Pubdate: Tue, 4 Jan 2011
Source: Paradise Post (CA)
Copyright: 2011 Paradise Post


Marijuana laws in the state of California are a mess, and have been
since the passage of Proposition 215. This past November, voters
decided not to go ahead and legalize the drug when they had the chance
to do so.

Now, while not everyone who voted against legalization of marijuana
did so because of the principle of legalization, it's clear that a
majority of voters weren't comfortable with the legislation. Just
prior to the proposition's Election Day defeat, Gov. Arnold
Schwarzenegger signed into law Senate Bill 1149, reducing possession
of less than 28.5 grams of marijuana from a misdemeanor with $100 fine
to an infraction.

No longer is it a misdemeanor - no jail time or criminal records for
offenders, reducing possession of a little pot to nothing more serious
than a speeding ticket. There are several issues that need to be
addressed here. First, crimes associated with Prop. 215, which
approved medical marijuana grows, are increasing at a rate that should
alarm everyone. Law enforcement is dealing with an element that is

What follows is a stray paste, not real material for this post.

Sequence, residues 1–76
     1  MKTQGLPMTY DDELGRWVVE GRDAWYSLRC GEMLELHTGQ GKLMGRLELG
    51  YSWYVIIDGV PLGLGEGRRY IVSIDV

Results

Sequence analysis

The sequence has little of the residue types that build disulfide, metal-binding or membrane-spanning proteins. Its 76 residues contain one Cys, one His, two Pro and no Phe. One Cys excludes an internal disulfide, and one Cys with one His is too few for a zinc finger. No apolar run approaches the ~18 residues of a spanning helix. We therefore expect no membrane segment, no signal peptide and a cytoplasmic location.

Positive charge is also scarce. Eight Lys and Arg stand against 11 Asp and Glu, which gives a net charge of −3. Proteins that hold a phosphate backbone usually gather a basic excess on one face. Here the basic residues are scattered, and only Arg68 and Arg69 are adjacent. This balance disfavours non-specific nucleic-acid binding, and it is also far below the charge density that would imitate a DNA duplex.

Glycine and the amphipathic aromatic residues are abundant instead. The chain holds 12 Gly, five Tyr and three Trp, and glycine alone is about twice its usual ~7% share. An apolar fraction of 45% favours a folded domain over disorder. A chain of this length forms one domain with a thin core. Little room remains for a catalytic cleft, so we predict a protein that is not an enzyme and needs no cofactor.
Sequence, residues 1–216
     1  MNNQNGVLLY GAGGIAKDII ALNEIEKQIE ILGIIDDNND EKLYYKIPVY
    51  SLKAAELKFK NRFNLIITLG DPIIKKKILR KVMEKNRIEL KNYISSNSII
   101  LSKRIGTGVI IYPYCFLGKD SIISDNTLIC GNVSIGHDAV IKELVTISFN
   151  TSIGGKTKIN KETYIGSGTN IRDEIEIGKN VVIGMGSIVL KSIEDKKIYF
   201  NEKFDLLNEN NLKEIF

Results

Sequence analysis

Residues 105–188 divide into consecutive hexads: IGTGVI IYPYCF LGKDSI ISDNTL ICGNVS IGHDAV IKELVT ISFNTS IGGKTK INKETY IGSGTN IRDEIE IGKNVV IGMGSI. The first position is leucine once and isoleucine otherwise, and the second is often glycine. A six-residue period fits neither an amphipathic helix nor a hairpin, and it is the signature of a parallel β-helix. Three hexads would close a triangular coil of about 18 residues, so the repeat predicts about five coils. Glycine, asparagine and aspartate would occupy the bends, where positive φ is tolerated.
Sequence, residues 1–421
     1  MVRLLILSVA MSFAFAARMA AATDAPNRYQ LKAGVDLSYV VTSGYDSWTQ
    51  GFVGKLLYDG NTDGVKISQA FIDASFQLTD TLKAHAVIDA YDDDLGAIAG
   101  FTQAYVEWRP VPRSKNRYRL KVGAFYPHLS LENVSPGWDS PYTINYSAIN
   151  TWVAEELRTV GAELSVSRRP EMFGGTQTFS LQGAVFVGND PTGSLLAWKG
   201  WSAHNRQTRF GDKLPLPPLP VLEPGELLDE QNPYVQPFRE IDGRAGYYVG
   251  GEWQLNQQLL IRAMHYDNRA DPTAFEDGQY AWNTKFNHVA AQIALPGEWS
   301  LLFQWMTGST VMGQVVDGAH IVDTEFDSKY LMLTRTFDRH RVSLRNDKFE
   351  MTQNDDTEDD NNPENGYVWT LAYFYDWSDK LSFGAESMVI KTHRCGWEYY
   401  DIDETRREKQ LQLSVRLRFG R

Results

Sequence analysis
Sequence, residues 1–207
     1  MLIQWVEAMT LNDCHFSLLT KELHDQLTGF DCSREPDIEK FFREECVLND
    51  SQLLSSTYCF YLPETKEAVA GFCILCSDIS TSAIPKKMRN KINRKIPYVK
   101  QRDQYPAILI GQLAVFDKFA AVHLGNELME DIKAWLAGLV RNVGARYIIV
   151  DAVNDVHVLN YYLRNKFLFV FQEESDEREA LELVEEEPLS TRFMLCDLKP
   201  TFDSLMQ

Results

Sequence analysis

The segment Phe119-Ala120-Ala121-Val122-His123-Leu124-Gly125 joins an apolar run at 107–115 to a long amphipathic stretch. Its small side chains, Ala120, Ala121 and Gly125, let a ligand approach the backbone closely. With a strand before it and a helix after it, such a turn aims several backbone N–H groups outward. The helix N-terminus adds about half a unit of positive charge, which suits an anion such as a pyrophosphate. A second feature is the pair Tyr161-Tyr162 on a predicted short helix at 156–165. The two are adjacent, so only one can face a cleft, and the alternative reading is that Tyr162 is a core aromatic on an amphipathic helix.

becoming increasingly dangerous. The law allows 58 counties to set 58
different rules.

As much as we like local control, the state needs to employ far
stricter regulations as it relates to medical Marijuana. Perhaps it's
time for those who grow marijuana for medical purposes to dispense it
via licensed pharmacists who are authorized by written prescriptions
from real doctors.

After all, we're talking about medical marijuana.

The decision to reduce the crime from a misdemeanor to an infraction
has merit, but we'd tweak it a bit. According to Sen. Mark Leno, who
authored the change, there were 61,388 arrests for possession of
marijuana in 2008.

"Defendants may demand an entire jury trial - including the costs of
jury selection, defense, and court time - for a penalty of only $100,"
he said.

A waste of court time - which we concur with, given it's a $100 fine.
Speeding tickets are more expensive than that. It seems to us that
reducing marijuana possession to an infraction makes sense, but the
fine is far too small. It nearly decriminalizes it after the voters
essentially said no to that.

Speeding fines are meant to discourage speed. Marijuana fines should
discourage marijuana use, for no other reason than to discourage its
use among our youth.  
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MAP posted-by: Richard Lake